The Gnostic Bible

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Willis Barnstone, Marvin W. Meyer
Shambhala, 2003 - Religion - 860 pages
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Gnosticism was a wide-ranging religious movement of the first millennium CE—with earlier antecedents and later flourishings—whose adherents sought salvation through knowledge and personal religious experience. Gnostic writings offer striking perspectives on both early Christian and non-Christian thought. For example, some gnostic texts suggest that god should be celebrated as both mother and father, and that self-knowledge is the supreme path to the divine. Only in the past fifty years has it become clear how far the gnostic influence spread in ancient and medieval religions—and what a marvelous body of scriptures it produced. This is the first time that such a rich and diverse collection of gnostic texts have been brought together in a single volume, in translations that allow the spirit of the original texts to shine. The selections gathered here, in poetic, readable translation, represent Jewish, Christian, Hermetic, Mandaean, Manichaean, Islamic, and Cathar expressions of gnostic spirituality. Their regions of origin include Egypt, the Greco-Roman world, the Middle East, Syria, Iraq, China, and France. Also included are introductions, notes, an extensive glossary, and a wealth of suggestions for further reading.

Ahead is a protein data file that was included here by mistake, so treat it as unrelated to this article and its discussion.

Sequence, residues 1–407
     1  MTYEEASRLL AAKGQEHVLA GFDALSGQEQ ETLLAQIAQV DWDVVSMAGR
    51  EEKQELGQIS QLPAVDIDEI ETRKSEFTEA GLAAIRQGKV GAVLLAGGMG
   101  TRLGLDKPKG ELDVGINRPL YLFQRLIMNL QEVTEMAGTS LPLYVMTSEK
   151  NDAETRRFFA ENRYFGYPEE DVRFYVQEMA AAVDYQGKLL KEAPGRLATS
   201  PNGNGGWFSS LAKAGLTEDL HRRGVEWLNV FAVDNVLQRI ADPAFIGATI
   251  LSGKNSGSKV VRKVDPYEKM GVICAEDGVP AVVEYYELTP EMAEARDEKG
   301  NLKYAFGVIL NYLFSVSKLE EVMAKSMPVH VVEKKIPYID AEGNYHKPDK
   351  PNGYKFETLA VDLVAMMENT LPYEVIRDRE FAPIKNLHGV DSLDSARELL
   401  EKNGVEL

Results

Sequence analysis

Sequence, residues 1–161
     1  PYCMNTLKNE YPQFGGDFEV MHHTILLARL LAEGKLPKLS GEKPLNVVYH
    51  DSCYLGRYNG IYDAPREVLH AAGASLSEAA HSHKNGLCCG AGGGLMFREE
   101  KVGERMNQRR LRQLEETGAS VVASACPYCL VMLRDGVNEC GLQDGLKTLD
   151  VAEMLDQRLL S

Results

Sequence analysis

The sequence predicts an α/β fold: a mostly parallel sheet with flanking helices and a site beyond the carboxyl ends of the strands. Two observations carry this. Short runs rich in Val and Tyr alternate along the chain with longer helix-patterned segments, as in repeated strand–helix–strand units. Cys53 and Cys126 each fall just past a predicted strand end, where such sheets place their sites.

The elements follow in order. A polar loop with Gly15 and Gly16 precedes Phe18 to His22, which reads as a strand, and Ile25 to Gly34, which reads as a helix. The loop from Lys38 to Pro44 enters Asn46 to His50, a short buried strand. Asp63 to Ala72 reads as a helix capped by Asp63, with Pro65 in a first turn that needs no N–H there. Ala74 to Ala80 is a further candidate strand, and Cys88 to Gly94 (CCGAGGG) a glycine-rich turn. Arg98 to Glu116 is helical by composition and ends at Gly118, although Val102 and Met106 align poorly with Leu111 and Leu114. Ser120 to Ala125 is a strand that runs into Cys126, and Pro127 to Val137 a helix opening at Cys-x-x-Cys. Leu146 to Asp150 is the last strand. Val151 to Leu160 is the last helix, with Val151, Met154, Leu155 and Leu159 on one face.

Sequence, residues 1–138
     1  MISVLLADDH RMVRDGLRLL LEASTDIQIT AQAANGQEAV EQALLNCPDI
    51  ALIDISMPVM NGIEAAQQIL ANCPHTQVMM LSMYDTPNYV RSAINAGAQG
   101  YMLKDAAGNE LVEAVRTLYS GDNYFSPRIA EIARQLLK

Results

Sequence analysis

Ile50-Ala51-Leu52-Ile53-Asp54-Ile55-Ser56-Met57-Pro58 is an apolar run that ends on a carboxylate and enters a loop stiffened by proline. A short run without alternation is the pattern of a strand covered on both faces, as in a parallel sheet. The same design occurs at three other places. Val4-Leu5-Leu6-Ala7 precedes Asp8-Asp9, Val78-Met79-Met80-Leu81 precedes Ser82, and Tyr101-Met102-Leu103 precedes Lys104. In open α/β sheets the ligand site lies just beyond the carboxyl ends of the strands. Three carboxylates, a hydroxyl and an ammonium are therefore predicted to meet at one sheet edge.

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The gnostic Bible

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Poet and translator Barnstone and Meyer (Bible & Christian studies, Chapman Univ.) have joined forces to present a large collection of gnostic source literature. The nature and beliefs of ... Read full review

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About the author (2003)

Willis Barnstone was born in Lewiston, Maine. He attended Bowdoin, Columbia, and Yale, earning his doctorate. Barnstone taught in Greece from 1949 to 1951, and in Buenos Aires during the Dirty War. He went to China during the Cultural Revolution, where he was later a Fulbright Professor of American Literature at Beijing Foreign Studies University from 1984 to 1985. Barnstone has authored more than forty books, poetry collections, poetry translations, philosophical and religious texts. He is a former O'Connor Professor of Greek at Colgate University, is a Distinguished Professor of Comparative Literature and is in the Institute of Biblical and Literary Studies at Indiana University. He has received numerous awards for his work, among them the Emily Dickinson Award, the W. H. Auden Award, and a PEN/Book-of-the-Month-Club Special Citation for translation. Barnstone was also a Guggenheim Fellow and Pulitzer Prize finalist in poetry. His titles include The Complete Poems of Sappho,, Translated with an Introduction, Ancient Greek Lyrics, Love Poems, and Café de l'Aube à Paris, Dawn Café in Paris: Poems Composed in French and Their Translation in English.

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